Diaphaneity: Unfolding the Wings of Perception

Another great post by Scott Preston which draws together many different but related threads in the study of our two modes of consciousness.

The ideas of Jean Gebser, William Blake, Carlos Castaneda, Iain McGilchrist, Buddhism, Christian mysticism are woven together and related. All are clearly describing the same reality with different terminologies. And what a wonderful title word: diaphaneity.

The Chrysalis

“If the doors of perception were cleansed every thing would appear to man as it is, Infinite. For man has closed himself up, till he sees all things thro’ narrow chinks of his cavern.” — William Blake

“Purify your eyes, and see the pure world. Your life will fill with radiant forms.” — Rumi

“The mystery, or the secret, of the sorcerers’ explanation is that it deals with unfolding the wings of perception. The nagual by itself is of no use, it has to be tempered by the tonal. The sorcerers’ secret in using the nagual is in our perception.” — don Juan to Carlos Castaneda, Tales of Power.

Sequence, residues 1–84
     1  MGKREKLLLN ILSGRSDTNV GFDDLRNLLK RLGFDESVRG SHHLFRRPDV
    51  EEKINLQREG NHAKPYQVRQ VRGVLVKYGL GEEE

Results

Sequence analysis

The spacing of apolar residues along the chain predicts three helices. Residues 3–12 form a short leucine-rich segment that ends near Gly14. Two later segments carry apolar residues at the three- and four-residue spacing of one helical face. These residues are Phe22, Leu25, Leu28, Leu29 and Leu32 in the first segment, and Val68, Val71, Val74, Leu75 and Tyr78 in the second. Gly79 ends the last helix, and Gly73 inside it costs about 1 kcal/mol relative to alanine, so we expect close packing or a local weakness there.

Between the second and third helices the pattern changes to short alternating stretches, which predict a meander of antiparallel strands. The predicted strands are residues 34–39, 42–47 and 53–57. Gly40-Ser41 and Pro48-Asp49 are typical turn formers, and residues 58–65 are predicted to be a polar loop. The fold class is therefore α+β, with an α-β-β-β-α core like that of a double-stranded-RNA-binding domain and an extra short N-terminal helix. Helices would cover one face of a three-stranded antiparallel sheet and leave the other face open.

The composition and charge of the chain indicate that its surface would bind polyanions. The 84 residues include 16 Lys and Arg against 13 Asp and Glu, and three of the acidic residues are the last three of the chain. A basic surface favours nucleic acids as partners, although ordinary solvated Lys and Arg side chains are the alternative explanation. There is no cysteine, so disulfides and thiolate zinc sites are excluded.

In his book The Ever-Present Origin, Jean Gebser describes the new (integral) consciousness as being chiefly characterised by “diaphaneity” or “the transparency of the world”. The citations above are other attestations to the fundamental reality of the “diaphainon

View original post 1,091 more words

Beyond the Res Cogitans

I love this post from Scott Preston with a great title. It draws together ancient philosophical/ spiritual/ religious ideas and more modern thinking to suggest the direction that human consciousness is moving in, letting go of Monkey Mind and coming into presence.

And there’s a great poem by Rumi.

The Chrysalis

Huike said to Bodhidharma, “My mind is anxious. Please pacify it.”
Bodhidharma replied, “Bring me your mind, and I will pacify it.”
Huike said, “Although I’ve sought it, I cannot find it.”
“There,” Bodhidharma replied, “I have pacified it for you.”

It is often very difficult for Westerners, especially, to understand the meaning of this parable. Generations of conditioning has inculcated the belief that the res cogitans is fundamental to who and what we are — that is “the thinking thing”. “I think, therefore I am”, pronounced Descartes, and divided being into incommensurate domains of the res cogitans and the res extensa — the subject which thinks and the objective realm that it thinks about, the realm of extension, of space and motion. Cogito ergo sum — I am because I think.

This formula (called “metaphysical dualism”) has generated all sorts of problems for the modern mind, which are not…

View original post 1,348 more words